In 1939, Martin Kamen and Samuel Ruben of the Radiation Laboratory at Berkeley began experiments to determine if any of the elements common in organic matter had isotopes with half-lives long enough to be of value in biomedical research.They synthesized Libby and several collaborators proceeded to experiment with methane collected from sewage works in Baltimore, and after isotopically enriching their samples they were able to demonstrate that they contained radioactive .The older a sample is, the less (the period of time after which half of a given sample will have decayed) is about 5,730 years, the oldest dates that can be reliably measured by this process date to around 50,000 years ago, although special preparation methods occasionally permit accurate analysis of older samples.
radiation are similar to measurements for the rest of the biosphere.
Correcting for isotopic fractionation, as is done for all radiocarbon dates to allow comparison between results from different parts of the biosphere, gives an apparent age of about 440 years for ocean surface water.
The method was developed by Willard Libby in the late 1940s and soon became a standard tool for archaeologists.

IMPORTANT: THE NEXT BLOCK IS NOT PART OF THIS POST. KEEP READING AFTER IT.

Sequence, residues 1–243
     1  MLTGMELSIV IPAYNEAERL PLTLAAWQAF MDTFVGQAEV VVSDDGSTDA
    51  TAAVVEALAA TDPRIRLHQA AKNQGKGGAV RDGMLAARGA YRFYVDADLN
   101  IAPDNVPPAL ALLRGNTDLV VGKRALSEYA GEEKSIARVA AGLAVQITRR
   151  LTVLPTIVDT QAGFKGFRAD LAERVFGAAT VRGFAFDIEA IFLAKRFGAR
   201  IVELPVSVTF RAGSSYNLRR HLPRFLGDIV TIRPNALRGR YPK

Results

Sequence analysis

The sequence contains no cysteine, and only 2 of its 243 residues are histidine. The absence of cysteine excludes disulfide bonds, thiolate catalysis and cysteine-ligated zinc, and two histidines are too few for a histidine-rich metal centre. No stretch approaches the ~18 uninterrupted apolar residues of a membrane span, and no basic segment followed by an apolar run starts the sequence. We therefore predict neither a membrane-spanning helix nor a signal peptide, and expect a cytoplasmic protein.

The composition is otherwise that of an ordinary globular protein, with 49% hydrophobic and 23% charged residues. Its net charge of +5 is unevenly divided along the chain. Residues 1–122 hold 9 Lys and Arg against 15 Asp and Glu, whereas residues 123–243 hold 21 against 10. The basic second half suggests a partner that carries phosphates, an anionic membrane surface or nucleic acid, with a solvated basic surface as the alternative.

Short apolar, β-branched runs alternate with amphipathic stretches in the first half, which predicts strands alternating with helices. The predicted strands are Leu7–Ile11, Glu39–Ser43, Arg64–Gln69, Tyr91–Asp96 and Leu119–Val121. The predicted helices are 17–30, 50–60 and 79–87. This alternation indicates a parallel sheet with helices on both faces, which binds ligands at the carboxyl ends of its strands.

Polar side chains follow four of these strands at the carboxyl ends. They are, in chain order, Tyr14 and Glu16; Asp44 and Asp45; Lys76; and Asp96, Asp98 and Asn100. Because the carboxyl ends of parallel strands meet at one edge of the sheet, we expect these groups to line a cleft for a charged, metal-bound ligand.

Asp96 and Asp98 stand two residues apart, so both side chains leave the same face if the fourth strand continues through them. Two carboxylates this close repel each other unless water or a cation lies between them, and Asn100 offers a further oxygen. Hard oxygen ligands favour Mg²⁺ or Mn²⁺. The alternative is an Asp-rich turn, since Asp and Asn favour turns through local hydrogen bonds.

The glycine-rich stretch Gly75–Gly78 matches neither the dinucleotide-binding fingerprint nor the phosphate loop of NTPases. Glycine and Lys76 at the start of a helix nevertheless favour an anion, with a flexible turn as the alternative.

Libby received the Nobel Prize in Chemistry for his work in 1960.
Histories of archaeology often refer to its impact as the "radiocarbon revolution".
Radiocarbon dating has allowed key transitions in prehistory to be dated, such as the end of the last ice age, and the beginning of the Neolithic and Bronze Age in different regions.Research has been ongoing since the 1960s to determine what the proportion of in the atmosphere has been over the past fifty thousand years.The resulting data, in the form of a calibration curve, is now used to convert a given measurement of radiocarbon in a sample into an estimate of the sample's calendar age.Because the time it takes to convert biological materials to fossil fuels is substantially longer than the time it takes for its in the atmosphere, which attained a maximum in 1963 of almost twice what it had been before the testing began.Measurement of radiocarbon was originally done by beta-counting devices, which counted the amount of beta radiation emitted by decaying atoms in the sample and not just the few that happen to decay during the measurements; it can therefore be used with much smaller samples (as small as individual plant seeds), and gives results much more quickly.The development of radiocarbon dating has had a profound impact on archaeology.